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This is more of a general computer science/graph traversal question than a perl question; but I'm coding in perl and I know that this is a very smart crowd so I thought I'd see what help you could offer.

I've recently started playing the online game CashWars (note: this post is not a troll to get people to play CashWars, but if you do want to try it out, use the following link CashWars and I will get some nominal credit for refering you).

The game is played on a 721x721 grid. Every day you get so many moves (I'm currently at 350 per day, but you can have as many as 600). Moving 1 square horizontally or vertically costs 1 movement point. Certain squares contain resources (Oil) that you can gather. You can only gather resources from a particular square once per day. I have a large list of the squares that contain oil. What I am trying to do is compute an "optimal or near optimal path" to visit as many oil squares as possible in a given number of moves from a particular starting location.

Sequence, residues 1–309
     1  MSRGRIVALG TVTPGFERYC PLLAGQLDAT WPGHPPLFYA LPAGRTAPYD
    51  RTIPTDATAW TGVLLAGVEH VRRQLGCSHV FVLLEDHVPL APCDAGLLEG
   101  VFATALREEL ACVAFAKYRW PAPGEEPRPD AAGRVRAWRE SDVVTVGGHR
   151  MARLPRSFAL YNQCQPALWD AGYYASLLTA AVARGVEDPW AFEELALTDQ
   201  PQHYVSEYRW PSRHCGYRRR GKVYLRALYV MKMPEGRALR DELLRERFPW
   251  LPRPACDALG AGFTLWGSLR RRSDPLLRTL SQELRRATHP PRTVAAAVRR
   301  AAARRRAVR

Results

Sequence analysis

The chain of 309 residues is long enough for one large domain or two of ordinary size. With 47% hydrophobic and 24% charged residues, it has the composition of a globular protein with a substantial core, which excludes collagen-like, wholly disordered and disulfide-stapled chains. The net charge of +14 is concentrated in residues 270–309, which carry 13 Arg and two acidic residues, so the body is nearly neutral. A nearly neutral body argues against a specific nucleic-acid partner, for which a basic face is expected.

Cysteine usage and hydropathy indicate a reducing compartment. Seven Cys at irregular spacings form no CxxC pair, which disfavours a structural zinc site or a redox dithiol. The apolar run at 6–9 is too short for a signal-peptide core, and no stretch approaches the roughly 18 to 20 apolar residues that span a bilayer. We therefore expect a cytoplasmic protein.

I've already tried out a few algorithms:

• weighting - I weigh each of the 4 squares adjacent to the current square based on some function of the distance from that square to nearby untapped squares with oil in them. I've tried a few diffrent weighting algorithms and this hueristic has worked ok.
• spanning tree - I read that a spanning-tree algorithm can be used to produce a close-to-optimal solution to the Travelling Salesman Problem so I decided to give it a try. It did slightly better than the weighting algorithm, but I feel I could do better (since my problem isn't the classic TSP "visit every node in the minimum # of moves" problem, it is "visit as many nodes as possible in N moves" which is slightly diffrent and would lead to diffrent optimizations).
• limited game tree - I store the 200 current best paths, then I add all possible moves to each one, and then rate the paths again; keeping only the 200 best out of that lot (best is determined by total path length to # of oil suqares ratio). This is the best algorithm so far, but I still feel that I can do better.
I'd like the other monk's thoughts about any other hueristics or algorithms that I could try that might give a good solution to this "visit as many X as possible in Y moves" problem.

I can post my code for any of those algorithms I've tried already if anyone is interested.

In reply to Graph Traversal by lhoward

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